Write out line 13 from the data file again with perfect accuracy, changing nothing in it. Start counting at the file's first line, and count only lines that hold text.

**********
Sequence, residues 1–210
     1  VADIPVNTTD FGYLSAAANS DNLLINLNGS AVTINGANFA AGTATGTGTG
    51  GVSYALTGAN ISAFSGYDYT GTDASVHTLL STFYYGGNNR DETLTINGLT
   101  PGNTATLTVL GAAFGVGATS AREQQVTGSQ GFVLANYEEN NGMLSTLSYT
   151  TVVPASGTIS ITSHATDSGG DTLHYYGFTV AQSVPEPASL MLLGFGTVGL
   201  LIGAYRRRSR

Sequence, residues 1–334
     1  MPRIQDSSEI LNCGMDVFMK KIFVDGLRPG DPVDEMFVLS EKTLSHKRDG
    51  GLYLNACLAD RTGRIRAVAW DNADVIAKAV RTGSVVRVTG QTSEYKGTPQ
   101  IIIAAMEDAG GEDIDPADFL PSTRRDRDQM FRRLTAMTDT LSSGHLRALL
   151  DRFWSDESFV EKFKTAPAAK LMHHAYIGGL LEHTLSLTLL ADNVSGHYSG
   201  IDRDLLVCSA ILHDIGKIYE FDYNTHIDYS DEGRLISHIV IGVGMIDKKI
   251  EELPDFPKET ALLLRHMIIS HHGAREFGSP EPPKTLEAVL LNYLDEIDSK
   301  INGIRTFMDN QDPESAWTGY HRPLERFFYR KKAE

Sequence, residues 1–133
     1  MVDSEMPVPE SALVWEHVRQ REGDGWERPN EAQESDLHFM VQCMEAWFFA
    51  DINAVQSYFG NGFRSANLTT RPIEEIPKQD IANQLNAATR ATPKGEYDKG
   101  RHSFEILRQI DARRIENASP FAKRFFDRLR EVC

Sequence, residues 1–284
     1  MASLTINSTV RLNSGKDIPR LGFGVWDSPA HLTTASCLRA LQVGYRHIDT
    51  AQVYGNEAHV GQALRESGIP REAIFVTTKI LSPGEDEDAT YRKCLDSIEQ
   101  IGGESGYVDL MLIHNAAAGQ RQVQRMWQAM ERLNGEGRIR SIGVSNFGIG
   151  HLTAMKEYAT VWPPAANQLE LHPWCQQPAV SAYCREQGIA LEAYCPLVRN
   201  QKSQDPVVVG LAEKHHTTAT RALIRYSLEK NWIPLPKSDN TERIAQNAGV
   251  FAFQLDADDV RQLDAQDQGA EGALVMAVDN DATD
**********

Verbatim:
   251  EELPDFPKET ALLLRHMIIS HHGAREFGSP EPPKTLEAVL LNYLDEIDSK